b) Myhr, A. I. (2010). The Challenge of Scientific Uncertainty and Disunity in Risk Assessment and Management of GM Crops. Environmental Values 19: 7–31. (24pp)
c) Wield, D. et al. (2010) Issues in the Political Economy of Agricultural Biotechnology Journal of Agrarian Change, Vol. 10 No. 3, 342–366. (25 pp)
d) H. Charles J. Godfray, et al. (2010) Food Security: The Challenge of Feeding 9 Billion People. Science 327, 812-818 (6pp)
e) Potrykus, I. (2010) Regulation must be revolutionized. NATURE
|Ecology and Biodiversity – Valuation and Connections to Human Well-being, International Agreements/Treaties and Policy Options||3 hr||GROUP OUTLINE PAPER DUE|
a) Millenium Ecosystem Assessment. Ecosystems & Human Well-being: A Framework for Assessment. Chapter 6, Concepts of Ecosystem Value and Valuation Approaches. World Resources Institute, Washington, DC (2003).
b) Millenium Ecosystem Assessment. Ecosystems & Human Well-being: Biodiversity Synthesis World Resources Institute, Washington, DC (2005) pp 1-16 only (16-85 optional)
c) Millenium Ecosystem Assessment. Ecosystems & Human Well-being: Volume 3, Policy Responses. Summary: Response Options and Strategies. World Resources Institute, Washington, DC (2005) i-21
d) Costanza, R. The value of ecosystem services: putting the issues in perspective Ecological Economics 25: 67–72 (1998).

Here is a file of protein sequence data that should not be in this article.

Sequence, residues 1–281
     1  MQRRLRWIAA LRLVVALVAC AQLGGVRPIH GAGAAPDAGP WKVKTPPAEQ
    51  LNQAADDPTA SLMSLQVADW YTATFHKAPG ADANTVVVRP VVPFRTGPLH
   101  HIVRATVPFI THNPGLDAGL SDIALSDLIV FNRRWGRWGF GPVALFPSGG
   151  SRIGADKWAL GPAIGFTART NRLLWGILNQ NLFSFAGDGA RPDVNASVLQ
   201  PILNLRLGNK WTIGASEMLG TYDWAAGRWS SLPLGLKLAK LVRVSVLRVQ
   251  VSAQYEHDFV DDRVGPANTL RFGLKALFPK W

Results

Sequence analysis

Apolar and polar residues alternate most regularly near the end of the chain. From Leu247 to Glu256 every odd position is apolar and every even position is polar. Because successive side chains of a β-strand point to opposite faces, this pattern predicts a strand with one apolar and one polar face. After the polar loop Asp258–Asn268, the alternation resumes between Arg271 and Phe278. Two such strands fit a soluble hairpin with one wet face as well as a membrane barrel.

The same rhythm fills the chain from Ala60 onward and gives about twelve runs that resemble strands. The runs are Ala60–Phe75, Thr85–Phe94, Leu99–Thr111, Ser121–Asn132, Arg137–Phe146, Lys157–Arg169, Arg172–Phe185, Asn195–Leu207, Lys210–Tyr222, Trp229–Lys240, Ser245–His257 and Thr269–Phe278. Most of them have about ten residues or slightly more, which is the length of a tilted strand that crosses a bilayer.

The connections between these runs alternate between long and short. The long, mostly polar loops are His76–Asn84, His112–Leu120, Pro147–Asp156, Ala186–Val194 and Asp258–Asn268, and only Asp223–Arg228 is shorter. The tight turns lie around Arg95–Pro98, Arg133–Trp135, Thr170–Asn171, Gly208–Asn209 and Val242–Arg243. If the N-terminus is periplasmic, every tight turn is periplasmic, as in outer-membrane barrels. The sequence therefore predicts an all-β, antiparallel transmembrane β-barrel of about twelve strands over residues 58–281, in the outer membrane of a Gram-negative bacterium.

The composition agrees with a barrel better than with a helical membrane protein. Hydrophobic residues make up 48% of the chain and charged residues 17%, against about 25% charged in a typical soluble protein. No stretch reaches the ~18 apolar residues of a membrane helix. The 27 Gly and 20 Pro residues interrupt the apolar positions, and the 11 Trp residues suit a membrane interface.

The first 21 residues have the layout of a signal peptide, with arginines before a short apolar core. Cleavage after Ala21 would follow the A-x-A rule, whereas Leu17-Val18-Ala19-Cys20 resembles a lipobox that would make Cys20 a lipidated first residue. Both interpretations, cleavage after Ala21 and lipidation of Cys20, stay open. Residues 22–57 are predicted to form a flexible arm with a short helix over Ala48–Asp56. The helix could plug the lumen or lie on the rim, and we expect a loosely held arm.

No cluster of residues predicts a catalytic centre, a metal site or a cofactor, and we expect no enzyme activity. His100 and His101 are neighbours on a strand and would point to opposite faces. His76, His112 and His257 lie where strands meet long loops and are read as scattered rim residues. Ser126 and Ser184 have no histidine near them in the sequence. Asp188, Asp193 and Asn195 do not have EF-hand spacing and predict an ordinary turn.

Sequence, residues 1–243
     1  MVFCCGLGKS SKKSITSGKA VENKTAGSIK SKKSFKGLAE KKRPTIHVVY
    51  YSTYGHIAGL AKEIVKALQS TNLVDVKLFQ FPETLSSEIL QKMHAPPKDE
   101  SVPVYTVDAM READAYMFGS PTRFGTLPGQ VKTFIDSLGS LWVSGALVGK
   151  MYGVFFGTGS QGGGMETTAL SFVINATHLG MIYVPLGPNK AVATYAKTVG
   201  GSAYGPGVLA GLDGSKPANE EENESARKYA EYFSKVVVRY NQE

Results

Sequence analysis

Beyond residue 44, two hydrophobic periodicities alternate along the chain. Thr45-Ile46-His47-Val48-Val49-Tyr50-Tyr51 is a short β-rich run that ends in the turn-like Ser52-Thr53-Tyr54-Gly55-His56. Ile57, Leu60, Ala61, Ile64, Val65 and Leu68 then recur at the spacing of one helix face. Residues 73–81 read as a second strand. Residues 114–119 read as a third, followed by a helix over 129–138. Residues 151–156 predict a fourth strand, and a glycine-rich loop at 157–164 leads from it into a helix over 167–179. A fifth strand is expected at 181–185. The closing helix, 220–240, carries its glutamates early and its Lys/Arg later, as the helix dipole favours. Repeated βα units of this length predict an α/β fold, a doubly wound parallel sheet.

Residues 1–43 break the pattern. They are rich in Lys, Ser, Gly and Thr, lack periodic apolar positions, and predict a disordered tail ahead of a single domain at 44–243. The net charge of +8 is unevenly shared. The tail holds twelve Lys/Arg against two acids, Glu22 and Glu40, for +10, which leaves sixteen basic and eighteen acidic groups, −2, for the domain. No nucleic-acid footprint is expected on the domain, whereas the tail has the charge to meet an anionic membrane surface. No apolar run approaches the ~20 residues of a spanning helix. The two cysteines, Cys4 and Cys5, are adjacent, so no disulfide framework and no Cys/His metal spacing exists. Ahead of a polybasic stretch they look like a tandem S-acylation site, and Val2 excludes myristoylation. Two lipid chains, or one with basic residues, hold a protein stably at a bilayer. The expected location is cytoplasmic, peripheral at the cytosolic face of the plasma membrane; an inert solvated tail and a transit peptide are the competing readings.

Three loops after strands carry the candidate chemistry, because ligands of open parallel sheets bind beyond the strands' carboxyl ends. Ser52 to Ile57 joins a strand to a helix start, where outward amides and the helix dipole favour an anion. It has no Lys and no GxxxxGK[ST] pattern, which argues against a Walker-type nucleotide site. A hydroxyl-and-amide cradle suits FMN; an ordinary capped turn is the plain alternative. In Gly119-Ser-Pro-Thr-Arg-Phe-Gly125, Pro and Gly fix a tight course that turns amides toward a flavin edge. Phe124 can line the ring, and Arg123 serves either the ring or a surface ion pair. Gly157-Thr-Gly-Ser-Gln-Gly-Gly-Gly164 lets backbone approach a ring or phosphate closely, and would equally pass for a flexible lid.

|National Security and S&T ||3 hr||7th REFLECTION/QUESTION SET DUE|
PEER REVIEWS OF OUTLINE PAPERS DUE
a) Alibek, K. “Biological Weapons: Past, Present, and Future” Chapter 15 In Firepower in the Lab, Laynew, Beugelsdijk, and Patel Editors. Joseph Henry Press (2001). Pp177-185.
b) NRC. Biotechnology Research in an Age of Terrorism. Pp. 1-44 and 79-106.
c) Ruttan, V. Is War Necessary for Economic Growth?: Military Procurement and Technology Development. Chapter 1 pp 3-20 & Chapter 8 159-190.
d) Sarewitz, D. Frontiers of Illusion. ”Science as a Surrogate for Social Good,” “Toward a New Mythology,” Chapters 8&9, pp. 141-195. (1996).
e) Dusek, Val (2006) Technological Determinism In: Philosophy of Technology – An Introduction. Chap. 6 pp 84 – 104.Blackwell Publishing, Oxford, UK
|Student Presentations from Group Policy Analysis Paper||3 hr||DRAFTS OF FINAL PAPERS DUE|
Student Presentations from Group Policy Analysis Paper
Course Review and Synthesis